Obscure Musical Passions #14: TROOPER

Another great Canadian rock band, influenced by Bachman Turner Overdrive and The Guess Who, but with their own accessible sound. Listen to “Pretty Lady” at http://youtu.be/SLX1X_-CUz4 (shades of Procul Harum) and “Two for the Show” at http://youtu.be/1aOjx4UQVwE (love the guitar). The previous two songs are ballads, but if you want something harder, check out “The Boys in the Bright White Sports Car” at http://youtu.be/pCVbyY2ZTjA (and much more). More info at http://en.wikipedia.org/wiki/Trooper_(band). Trooper is huge in Canada—a great shame that they weren’t as well known in the United States or elsewhere.


Obscure Musical Passions #15: KLAATU

This Canadian band’s second album, Hope, is #1 on my list of Desert Island Discs (albums I’d take with me to a desert island if I could take only ten; Marillion’s Misplaced Childhood would be another). Forget that rumour suggesting that Klaatu, which recorded anonymously at first, was the Beatles reunited. They were great songwriters, musicians, and arrangers on their own. More info about Klaatu at http://en.wikipedia.org/wiki/Klaatu_(band). While Hope is a prog masterpiece (a whole album sounding like Queen’s “Bohemian Rhapsody”), their other albums contain lots of melodic pop/rock. Very creative throughout, such as on songs like “Silly Boys,” which contains an entire additional song overdubbed backwards onto it, and they make it all work seamlessly—see http://youtu.be/pKwDB1gFAS4. You can listen to the whole thing backwards at http://youtu.be/MZQ9M3dSJBE. Ballads, rock, lush production and arrangements, lots of variety, and overflowing verbal and musical wit—that’s Klaatu. I also have the original but only recently released orchestral version of Hope (with the London Symphony Orchestra), which has a few surprises, including an additional song that never made it to the official release. My all-time favourite Klaatu song is “Prelude,” which is part of a suite of songs on the second half of the “Hope” album (“Prelude” is sort of like Elton John’s “Funeral for a Friend” instrumental, with a great guitar solo, dueling with violin). Check it out at http://youtu.be/v56oQuZiatI (and remember that this is part of a longer suite, ending with the title track “Hope” and its inspirational lyrics). The Carpenters did a fun cover of Klaatu’s anthem, “Calling Occupants of Interplanetary Craft”—see http://youtu.be/m5t0hO9sv7o. I love their addition of a guitar solo instead of the keyboard passage originally used by Klaatu, and the DJ talk at the start is a creative addition too. The too-short guitar solo by Tony Peluso starts at the 4:50 mark.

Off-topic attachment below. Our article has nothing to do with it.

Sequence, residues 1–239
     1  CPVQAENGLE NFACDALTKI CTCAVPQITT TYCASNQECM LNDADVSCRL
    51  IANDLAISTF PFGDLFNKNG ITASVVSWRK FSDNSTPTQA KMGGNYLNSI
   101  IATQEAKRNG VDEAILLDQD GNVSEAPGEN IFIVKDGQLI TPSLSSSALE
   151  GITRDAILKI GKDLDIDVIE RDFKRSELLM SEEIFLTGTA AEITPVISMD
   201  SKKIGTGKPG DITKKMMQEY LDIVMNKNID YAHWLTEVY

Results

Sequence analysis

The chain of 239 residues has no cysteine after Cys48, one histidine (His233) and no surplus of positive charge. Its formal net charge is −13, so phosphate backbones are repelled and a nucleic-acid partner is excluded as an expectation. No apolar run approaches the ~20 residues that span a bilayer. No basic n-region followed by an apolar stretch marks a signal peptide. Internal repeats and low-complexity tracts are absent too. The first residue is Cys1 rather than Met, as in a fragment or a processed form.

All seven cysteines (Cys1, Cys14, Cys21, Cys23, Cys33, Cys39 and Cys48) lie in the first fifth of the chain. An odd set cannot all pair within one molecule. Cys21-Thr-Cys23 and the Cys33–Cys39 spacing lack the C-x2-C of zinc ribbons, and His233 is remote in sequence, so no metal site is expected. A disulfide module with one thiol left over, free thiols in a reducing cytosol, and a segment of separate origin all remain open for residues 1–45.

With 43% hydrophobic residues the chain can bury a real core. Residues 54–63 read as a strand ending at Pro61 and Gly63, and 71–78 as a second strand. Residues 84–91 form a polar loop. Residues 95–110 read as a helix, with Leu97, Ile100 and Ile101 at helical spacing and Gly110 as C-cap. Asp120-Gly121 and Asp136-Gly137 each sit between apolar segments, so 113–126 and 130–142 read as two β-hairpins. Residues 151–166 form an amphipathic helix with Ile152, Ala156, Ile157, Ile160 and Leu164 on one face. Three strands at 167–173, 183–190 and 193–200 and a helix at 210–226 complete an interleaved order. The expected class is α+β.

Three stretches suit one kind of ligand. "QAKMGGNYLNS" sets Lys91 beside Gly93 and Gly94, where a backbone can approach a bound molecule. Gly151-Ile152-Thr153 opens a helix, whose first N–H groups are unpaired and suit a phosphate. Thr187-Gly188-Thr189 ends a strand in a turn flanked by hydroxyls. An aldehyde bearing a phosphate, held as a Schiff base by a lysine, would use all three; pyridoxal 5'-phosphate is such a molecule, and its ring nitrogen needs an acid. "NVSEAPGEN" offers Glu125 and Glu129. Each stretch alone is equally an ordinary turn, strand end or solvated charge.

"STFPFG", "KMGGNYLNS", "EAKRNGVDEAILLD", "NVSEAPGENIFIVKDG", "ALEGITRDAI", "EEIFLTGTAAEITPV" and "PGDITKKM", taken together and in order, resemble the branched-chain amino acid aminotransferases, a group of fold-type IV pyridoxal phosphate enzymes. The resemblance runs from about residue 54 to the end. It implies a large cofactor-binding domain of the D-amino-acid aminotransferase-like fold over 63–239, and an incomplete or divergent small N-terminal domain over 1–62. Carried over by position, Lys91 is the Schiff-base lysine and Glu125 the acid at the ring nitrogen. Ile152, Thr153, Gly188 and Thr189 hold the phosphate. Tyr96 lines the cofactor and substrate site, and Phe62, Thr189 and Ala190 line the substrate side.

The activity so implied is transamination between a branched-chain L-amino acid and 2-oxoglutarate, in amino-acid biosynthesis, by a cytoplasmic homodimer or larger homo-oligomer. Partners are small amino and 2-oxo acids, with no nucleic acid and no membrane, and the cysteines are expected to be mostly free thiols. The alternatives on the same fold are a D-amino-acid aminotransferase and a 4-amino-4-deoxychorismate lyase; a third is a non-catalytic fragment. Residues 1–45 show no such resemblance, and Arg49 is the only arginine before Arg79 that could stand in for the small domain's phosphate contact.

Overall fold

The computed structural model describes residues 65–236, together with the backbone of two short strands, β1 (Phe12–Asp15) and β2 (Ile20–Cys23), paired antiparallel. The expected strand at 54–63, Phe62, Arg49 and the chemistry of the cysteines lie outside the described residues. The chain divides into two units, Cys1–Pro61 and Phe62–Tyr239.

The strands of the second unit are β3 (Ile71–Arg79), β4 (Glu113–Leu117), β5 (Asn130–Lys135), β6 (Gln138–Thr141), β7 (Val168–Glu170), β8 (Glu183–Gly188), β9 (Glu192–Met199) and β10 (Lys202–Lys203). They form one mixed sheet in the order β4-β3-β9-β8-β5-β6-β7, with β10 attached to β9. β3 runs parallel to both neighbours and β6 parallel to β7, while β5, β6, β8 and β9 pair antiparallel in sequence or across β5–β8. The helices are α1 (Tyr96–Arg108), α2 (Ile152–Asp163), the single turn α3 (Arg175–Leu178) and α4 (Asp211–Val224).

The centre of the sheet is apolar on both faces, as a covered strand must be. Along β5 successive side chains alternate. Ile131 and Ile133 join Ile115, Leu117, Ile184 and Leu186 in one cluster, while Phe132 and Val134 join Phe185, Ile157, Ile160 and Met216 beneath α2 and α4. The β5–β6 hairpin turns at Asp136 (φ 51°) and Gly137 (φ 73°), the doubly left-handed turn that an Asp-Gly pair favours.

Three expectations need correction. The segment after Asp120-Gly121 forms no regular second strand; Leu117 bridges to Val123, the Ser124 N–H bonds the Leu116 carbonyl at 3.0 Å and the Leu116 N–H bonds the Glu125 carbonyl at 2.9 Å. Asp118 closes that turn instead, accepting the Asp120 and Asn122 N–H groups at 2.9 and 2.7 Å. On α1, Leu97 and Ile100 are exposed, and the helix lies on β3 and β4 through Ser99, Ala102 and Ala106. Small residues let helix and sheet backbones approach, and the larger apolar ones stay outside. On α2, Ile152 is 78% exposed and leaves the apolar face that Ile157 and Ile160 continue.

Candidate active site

Obscure Musical Passions #16: STEVE HACKETT

Okay, not that obscure. Steve Hackett was the main guitarist for Genesis during its prog heyday, but left around 1977. His guitar solos with Genesis and as a solo artist are among my favourites. Start with “Firth of Fifth” (Genesis song) at http://youtu.be/SD5engyVXe0 (original version). Also check out “Every Day” at http://youtu.be/SQaGCNGgfe4, “Spectral Mornings” at http://youtu.be/FYWxjXmHu10, “Camino Royale” at http://youtu.be/WdBRVwNVD2I, and “Battle Lines” (John Wetton song, live) at http://youtu.be/0VkHLh3imaE. Or check out the brilliant Genesis acoustic piece “Horizons” at http://youtu.be/WdYUGlYv5gg (Hackett has released several classical guitar albums too). More information at http://en.wikipedia.org/wiki/Steve_Hackett. I’ve seen him give several rock performances, mostly in California, plus a classical concert at the Barbican Centre in London (where I also saw classical guitarist Andres Segovia shortly before he died, and met Anthony Hopkins after he tapped me on the shoulder). [seen in concert multiple times]